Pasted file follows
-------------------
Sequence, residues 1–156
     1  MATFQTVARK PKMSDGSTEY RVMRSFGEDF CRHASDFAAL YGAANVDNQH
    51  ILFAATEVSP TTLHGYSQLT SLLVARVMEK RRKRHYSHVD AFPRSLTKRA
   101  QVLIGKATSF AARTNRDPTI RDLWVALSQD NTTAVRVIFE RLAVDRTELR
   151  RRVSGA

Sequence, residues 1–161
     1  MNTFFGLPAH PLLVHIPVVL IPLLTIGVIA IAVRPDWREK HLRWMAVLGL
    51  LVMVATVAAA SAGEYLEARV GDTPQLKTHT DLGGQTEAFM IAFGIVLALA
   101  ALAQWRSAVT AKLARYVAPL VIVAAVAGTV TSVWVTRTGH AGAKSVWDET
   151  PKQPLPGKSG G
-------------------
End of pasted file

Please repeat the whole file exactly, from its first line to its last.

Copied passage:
Sequence, residues 1–156
     1  MATFQTVARK PKMSDGSTEY RVMRSFGEDF CRHASDFAAL YGAANVDNQH
    51  ILFAATEVSP TTLHGYSQLT SLLVARVMEK RRKRHYSHVD AFPRSLTKRA
   101  QVLIGKATSF AARTNRDPTI RDLWVALSQD NTTAVRVIFE RLAVDRTELR
   151  RRVSGA

Sequence, residues 1–161
     1  MNTFFGLPAH PLLVHIPVVL IPLLTIGVIA IAVRPDWREK HLRWMAVLGL
    51  LVMVATVAAA SAGEYLEARV GDTPQLKTHT DLGGQTEAFM IAFGIVLALA
   101  ALAQWRSAVT AKLARYVAPL VIVAAVAGTV TSVWVTRTGH AGAKSVWDET
   151  PKQPLPGKSG G